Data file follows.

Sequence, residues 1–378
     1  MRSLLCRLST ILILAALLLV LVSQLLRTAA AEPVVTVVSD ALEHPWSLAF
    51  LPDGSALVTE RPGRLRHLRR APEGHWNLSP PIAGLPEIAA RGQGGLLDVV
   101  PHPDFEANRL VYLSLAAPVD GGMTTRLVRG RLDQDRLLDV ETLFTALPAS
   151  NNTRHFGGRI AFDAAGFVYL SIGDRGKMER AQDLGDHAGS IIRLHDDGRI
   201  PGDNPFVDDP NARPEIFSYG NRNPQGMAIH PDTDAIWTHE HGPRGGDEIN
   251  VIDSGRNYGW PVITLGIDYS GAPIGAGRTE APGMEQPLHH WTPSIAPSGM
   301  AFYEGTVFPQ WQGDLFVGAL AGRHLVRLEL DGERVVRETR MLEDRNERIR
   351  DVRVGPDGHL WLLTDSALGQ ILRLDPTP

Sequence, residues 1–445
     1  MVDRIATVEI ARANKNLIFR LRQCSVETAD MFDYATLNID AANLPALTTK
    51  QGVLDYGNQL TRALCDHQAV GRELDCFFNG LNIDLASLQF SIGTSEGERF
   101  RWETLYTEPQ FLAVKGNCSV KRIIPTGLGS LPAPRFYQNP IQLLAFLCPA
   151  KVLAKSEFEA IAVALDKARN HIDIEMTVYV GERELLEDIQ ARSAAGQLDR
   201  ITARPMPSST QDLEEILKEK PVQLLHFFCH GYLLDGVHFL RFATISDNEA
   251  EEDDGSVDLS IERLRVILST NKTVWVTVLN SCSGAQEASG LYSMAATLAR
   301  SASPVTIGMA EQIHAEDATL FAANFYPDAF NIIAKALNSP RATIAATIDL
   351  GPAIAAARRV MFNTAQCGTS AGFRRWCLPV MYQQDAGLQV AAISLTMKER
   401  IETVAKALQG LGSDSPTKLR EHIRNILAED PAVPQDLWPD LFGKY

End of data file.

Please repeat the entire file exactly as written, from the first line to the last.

Sequence, residues 1–378
     1  MRSLLCRLST ILILAALLLV LVSQLLRTAA AEPVVTVVSD ALEHPWSLAF
    51  LPDGSALVTE RPGRLRHLRR APEGHWNLSP PIAGLPEIAA RGQGGLLDVV
   101  PHPDFEANRL VYLSLAAPVD GGMTTRLVRG RLDQDRLLDV ETLFTALPAS
   151  NNTRHFGGRI AFDAAGFVYL SIGDRGKMER AQDLGDHAGS IIRLHDDGRI
   201  PGDNPFVDDP NARPEIFSYG NRNPQGMAIH PDTDAIWTHE HGPRGGDEIN
   251  VIDSGRNYGW PVITLGIDYS GAPIGAGRTE APGMEQPLHH WTPSIAPSGM
   301  AFYEGTVFPQ WQGDLFVGAL AGRHLVRLEL DGERVVRETR MLEDRNERIR
   351  DVRVGPDGHL WLLTDSALGQ ILRLDPTP

Sequence, residues 1–445
     1  MVDRIATVEI ARANKNLIFR LRQCSVETAD MFDYATLNID AANLPALTTK
    51  QGVLDYGNQL TRALCDHQAV GRELDCFFNG LNIDLASLQF SIGTSEGERF
   101  RWETLYTEPQ FLAVKGNCSV KRIIPTGLGS LPAPRFYQNP IQLLAFLCPA
   151  KVLAKSEFEA IAVALDKARN HIDIEMTVYV GERELLEDIQ ARSAAGQLDR
   201  ITARPMPSST QDLEEILKEK PVQLLHFFCH GYLLDGVHFL RFATISDNEA
   251  EEDDGSVDLS IERLRVILST NKTVWVTVLN SCSGAQEASG LYSMAATLAR
   301  SASPVTIGMA EQIHAEDATL FAANFYPDAF NIIAKALNSP RATIAATIDL
   351  GPAIAAARRV MFNTAQCGTS AGFRRWCLPV MYQQDAGLQV AAISLTMKER
   401  IETVAKALQG LGSDSPTKLR EHIRNILAED PAVPQDLWPD LFGKY